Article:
An employee can decide to leave your organization for various reasons. It could be they got a better job offer or their compensation package was insufficient. Whatever the reason, you can find out by using exit interview questions.
Unfortunately, high attrition is on the rise. Gartner states that the US annual turnover rate will likely jump by almost 20% from the pre-pandemic yearly average. If you don't find out why employees leave, it could lead to critical issues affecting your future talent, the company's bottom line, and performance.
In this article, we've highlighted the best exit interview questions to gather honest feedback and use the insights to improve employee retention.
Firstly, we'll begin by explaining the basics of an exit interview.
What is an exit interview?
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An exit interview is an inquiry process to discover why people leave your organization. Ideally, you conduct an exit interview after an employee has handed in their notice, not the day they physically leave the office.
The goal of asking exit interview questions is to identify trends in why people leave and to create an action plan to prevent the issues from affecting current and future employees.
Exit interview questions to improve organizational performance
Asking the right interview questions is crucial to get high-quality answers and more nuances about an employee's decision to leave.
Here are the 15 best exit interview questions to ask employees leaving the company.
1. What is your main reason for leaving the organization?
Sometimes, what you think will prompt employees to leave might differ from what they have in mind. The best way to find out why people leave your company is to ask them.
2. What caused you to start searching for another job?
While this question might seem similar to the previous question, it serves a different purpose. It focuses on the employee's wants and desires within the new job. If there's something else they're searching for outside your company, it'll be worth it to find out and consider bringing it to your business.
3. How did you feel about your workload and job responsibilities?
This question examines how the employees perceived their workload and responsibilities and its possible effect on their leaving. Find out whether the job responsibilities are clear or if your employees have too much on their plate.
4. What challenges did you experience when working with your manager?
Asking this question will help you identify flaws in your management processes and determine when to implement additional training in your company.
5. Would you consider returning to our company?
Rehiring top talent might be an option if you can fix the issues affecting the employee's work experience. Find out if the former employee is open to returning to their position and any other suggestions they may have.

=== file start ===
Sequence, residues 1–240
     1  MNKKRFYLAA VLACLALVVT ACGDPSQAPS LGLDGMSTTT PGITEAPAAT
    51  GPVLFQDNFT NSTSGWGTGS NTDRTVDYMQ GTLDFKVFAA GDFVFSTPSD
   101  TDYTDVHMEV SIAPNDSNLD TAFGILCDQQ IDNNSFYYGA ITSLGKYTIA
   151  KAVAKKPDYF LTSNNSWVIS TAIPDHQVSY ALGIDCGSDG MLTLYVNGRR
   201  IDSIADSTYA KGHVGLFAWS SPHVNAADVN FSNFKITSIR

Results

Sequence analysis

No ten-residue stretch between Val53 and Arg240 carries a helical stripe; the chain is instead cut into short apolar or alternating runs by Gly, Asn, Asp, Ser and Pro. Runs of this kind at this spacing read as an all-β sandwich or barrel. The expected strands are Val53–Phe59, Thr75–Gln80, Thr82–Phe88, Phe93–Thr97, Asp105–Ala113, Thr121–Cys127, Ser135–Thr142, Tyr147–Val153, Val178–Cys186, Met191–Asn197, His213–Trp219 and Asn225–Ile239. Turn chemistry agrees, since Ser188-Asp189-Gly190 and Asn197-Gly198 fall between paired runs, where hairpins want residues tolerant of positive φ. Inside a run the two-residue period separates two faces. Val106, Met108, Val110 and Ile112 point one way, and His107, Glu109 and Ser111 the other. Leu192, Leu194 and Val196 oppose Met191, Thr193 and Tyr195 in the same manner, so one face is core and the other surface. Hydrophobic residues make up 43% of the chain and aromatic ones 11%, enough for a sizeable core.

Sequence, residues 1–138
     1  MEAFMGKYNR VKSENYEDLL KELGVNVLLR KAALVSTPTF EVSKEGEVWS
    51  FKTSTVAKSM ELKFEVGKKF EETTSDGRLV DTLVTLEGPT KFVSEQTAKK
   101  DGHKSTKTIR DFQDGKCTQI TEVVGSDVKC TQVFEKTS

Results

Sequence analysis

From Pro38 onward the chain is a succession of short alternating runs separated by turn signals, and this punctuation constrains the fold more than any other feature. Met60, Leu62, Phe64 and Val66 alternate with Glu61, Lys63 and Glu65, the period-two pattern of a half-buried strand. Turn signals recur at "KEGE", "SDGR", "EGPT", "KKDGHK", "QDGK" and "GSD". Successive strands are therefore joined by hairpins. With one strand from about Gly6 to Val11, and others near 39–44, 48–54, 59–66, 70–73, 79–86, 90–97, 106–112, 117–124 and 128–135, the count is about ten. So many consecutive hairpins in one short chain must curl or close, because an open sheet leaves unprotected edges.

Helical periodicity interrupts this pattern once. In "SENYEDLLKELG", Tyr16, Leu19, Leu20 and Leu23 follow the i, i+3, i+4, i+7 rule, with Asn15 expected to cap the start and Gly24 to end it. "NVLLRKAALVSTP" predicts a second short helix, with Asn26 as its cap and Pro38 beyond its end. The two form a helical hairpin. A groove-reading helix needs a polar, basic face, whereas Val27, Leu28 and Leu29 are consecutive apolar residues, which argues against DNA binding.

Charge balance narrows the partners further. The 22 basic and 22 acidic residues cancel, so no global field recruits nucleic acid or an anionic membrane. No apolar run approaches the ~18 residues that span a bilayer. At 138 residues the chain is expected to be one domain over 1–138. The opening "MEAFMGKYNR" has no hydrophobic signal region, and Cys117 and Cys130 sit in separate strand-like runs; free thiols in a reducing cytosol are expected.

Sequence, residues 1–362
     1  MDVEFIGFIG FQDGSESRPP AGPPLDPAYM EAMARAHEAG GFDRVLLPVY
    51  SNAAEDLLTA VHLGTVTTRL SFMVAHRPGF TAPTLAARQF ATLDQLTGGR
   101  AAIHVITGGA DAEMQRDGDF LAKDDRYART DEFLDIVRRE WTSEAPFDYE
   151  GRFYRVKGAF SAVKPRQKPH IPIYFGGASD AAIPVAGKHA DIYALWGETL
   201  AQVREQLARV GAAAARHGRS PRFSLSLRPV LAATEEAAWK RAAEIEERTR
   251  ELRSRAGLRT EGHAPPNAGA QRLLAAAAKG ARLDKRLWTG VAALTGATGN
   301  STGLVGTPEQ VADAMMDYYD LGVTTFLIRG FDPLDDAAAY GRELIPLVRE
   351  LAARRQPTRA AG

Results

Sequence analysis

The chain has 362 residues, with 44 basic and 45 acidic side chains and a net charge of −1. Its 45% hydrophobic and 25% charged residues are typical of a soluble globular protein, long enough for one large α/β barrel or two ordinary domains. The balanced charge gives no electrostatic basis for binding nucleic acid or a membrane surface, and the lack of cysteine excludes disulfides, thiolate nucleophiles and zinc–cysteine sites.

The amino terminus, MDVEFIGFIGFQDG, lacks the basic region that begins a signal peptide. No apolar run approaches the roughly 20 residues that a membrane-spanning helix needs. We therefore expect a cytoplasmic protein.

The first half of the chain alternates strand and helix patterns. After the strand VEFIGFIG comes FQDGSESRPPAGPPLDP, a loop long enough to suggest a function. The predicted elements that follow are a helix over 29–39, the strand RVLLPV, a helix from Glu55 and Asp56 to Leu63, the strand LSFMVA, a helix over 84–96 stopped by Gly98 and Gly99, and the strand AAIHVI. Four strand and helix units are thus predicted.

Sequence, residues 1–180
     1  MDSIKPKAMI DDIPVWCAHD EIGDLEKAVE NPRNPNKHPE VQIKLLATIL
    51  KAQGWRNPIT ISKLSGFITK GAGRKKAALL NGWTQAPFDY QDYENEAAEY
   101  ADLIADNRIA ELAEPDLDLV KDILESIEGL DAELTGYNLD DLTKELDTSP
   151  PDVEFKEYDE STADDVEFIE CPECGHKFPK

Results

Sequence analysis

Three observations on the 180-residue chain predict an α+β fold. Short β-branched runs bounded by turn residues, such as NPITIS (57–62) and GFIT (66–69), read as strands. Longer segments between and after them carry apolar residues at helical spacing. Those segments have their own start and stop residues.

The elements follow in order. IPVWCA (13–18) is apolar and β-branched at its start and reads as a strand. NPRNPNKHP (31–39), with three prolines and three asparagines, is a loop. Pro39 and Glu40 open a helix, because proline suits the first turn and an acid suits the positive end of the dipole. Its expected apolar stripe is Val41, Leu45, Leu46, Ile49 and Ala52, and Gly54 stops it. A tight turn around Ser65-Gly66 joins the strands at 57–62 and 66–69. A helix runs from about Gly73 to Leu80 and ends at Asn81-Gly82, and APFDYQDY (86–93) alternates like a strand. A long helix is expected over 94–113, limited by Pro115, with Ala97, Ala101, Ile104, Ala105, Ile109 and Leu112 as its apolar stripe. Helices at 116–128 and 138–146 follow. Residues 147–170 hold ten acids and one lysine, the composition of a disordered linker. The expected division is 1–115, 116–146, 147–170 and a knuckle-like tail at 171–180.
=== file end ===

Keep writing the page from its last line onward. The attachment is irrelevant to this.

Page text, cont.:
6. Did you receive enough meaningful feedback?
Constructive feedback is crucial to improve an employee's job performance and well-being. According to Gallup, employees who receive "meaningful feedback" are almost four times more likely than other employees to be engaged.
Find out if a lack of feedback is a significant driver for your employee's decision to leave.
7. Did you feel you had all the necessary tools and resources to succeed at your job? If not, how could it have been better?
This exit interview question will help you identify inadequacies, poor tools, and resources that could have prevented employees from succeeding. The answers could range from outdated tools to uncomfortable office temperatures.
8. How would you describe the organization's culture?
The way employees view your organization's culture can vary across different departments. Find out if your company culture makes employees feel valued, motivated, and engaged.
9. Have you ever experienced any discrimination or harassment within the workplace?
Any form of harassment or discrimination is a serious issue that you must address correctly in the workplace. If an employee reports such a case, find out why and how it occurred.
10. On a scale of 0-10, how likely would you recommend the organization to a friend or family member and why?
In an ideal scenario, an exiting employee would choose a number closer to 10. However, the reality is that a departing employee may be dissatisfied with certain aspects of the previous position, hence making them less likely to talk positively about your company. If an employee wouldn't recommend your company to a friend, you need to find out why and fix the issue.
11. Did you feel your accomplishments were recognized throughout your work experience?
Recognition motivates and fuels an employee’s productivity. If your employee feels their efforts and contributions were not appreciated, it could trigger their decision to leave your company.
12. What can the organization improve on?
This question may prompt the departing employee to share suggestions on areas they think the organization lacks. It could be the compensation package, work environment, or assigned tasks.
13. How would you improve team morale?
Asking questions about team spirit provides an opportunity to get the employee’s opinions on possible team-building ideas. Since the departing employee more likely knows the condition of the whole team, they’ll be able to offer insights into how you can improve team morale.
14. How fairly or unfairly do you think this company treats all its employees?